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J Appl Physiol (1985). 1988 Nov;65(5):2090-6.

Role of lungs and inactive muscle in acid-base control after maximal exercise.

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  • 1Department of Medicine, McMaster University Health Sciences Centre, Hamilton, Ontario, Canada.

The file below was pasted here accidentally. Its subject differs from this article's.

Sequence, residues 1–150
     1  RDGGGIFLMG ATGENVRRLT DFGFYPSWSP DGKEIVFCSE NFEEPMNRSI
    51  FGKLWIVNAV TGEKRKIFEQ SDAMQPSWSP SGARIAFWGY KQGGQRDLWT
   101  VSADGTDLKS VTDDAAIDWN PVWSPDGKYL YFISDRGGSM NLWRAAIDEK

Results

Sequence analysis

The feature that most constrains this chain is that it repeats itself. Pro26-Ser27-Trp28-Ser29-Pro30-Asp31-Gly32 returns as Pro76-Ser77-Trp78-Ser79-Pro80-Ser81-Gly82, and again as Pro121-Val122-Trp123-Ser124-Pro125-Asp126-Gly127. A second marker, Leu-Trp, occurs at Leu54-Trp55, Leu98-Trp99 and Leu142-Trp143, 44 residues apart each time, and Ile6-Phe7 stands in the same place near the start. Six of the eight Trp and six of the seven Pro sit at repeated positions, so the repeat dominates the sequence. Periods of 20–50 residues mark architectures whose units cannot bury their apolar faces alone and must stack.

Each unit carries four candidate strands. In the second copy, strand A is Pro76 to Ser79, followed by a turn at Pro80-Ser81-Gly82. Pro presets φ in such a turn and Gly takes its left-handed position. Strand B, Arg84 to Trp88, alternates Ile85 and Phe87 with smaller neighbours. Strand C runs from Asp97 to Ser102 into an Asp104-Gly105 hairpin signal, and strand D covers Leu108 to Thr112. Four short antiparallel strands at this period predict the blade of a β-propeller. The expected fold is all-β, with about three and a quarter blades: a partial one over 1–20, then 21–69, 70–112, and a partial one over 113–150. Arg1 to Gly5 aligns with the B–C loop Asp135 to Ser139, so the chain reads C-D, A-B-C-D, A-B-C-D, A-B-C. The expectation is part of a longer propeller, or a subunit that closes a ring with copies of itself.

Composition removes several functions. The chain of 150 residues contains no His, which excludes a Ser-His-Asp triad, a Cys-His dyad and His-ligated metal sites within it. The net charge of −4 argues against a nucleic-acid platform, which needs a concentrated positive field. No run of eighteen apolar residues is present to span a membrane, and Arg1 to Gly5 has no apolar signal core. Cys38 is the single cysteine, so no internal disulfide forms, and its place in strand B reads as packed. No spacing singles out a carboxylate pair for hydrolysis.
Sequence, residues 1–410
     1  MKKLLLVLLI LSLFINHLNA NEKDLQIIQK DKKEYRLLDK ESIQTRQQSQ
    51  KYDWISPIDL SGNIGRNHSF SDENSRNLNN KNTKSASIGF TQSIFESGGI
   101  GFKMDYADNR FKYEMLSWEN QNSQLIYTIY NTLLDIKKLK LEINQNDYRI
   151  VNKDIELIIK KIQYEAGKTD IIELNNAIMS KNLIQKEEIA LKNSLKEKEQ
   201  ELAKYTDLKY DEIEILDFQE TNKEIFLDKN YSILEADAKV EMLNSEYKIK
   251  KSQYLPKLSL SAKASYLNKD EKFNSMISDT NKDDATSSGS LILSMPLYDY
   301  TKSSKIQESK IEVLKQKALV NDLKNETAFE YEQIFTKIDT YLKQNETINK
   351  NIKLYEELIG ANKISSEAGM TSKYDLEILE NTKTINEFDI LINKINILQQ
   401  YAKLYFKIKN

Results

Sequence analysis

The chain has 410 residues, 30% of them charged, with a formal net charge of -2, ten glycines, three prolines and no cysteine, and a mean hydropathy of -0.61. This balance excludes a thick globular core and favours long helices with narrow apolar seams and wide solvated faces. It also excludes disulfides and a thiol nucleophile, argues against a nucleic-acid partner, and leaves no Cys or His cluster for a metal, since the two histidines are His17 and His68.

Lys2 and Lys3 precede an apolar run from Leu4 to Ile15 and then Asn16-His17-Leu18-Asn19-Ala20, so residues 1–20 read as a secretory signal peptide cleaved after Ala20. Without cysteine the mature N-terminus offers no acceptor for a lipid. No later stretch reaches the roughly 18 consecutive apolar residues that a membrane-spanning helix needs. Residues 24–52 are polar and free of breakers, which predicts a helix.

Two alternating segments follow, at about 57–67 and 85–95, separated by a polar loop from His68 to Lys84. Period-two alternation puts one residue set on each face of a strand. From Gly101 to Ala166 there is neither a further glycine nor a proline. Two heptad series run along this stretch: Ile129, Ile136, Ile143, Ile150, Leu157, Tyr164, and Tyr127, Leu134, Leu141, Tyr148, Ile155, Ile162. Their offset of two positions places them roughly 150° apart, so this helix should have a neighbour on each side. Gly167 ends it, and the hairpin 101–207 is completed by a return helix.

The pulmonary responses and changes in plasma acid-base status occurring across the inactive forearm muscle were examined after 30 s of intense exercise in six male subjects exercising on an isokinetic cycle ergometer. Arterial and deep forearm venous blood were sampled at rest and during 10 min after exercise; ventilation and pulmonary gas exchange variables were measured breath by breath during exercise and recovery. Immediately after exercise, ventilation and CO2 output increased to 124 +/- 17 1/min and 3.24 +/- 0.195 l/min, respectively. The subsequent decrease in CO2 output was slower than the decrease in O2 intake (half time of 105 +/- 15 and 47 +/- 4 s, respectively); the respiratory exchange ratio was greater than 1.0 throughout the 10 min of recovery. Arterial plasma concentrations of Na+, K+, and Ca2+ increased transiently after exercise. Arterial lactate ion concentration ([La-]) increased to 14-15 meq/l within 1.5 min and remained at this level for the rest of the study. Throughout recovery there was a positive arteriovenous [La-] difference of 4-5 meq/l, associated with an increase in the arteriovenous strong ion difference ([SID]) and by a large increase in the venous Pco2 and [HCO3-]. These findings were interpreted as indicating uptake of La- by the inactive muscle, leading to a fall in the muscle [SID] and increase in plasma [SID], associated with an increase in muscle PCO2. The venoarterial CO2 content difference was 38% greater than could be accounted for by metabolism of La- alone, suggesting liberation of CO2 stored in muscle, possibly as carbamate.(ABSTRACT TRUNCATED AT 250 WORDS)

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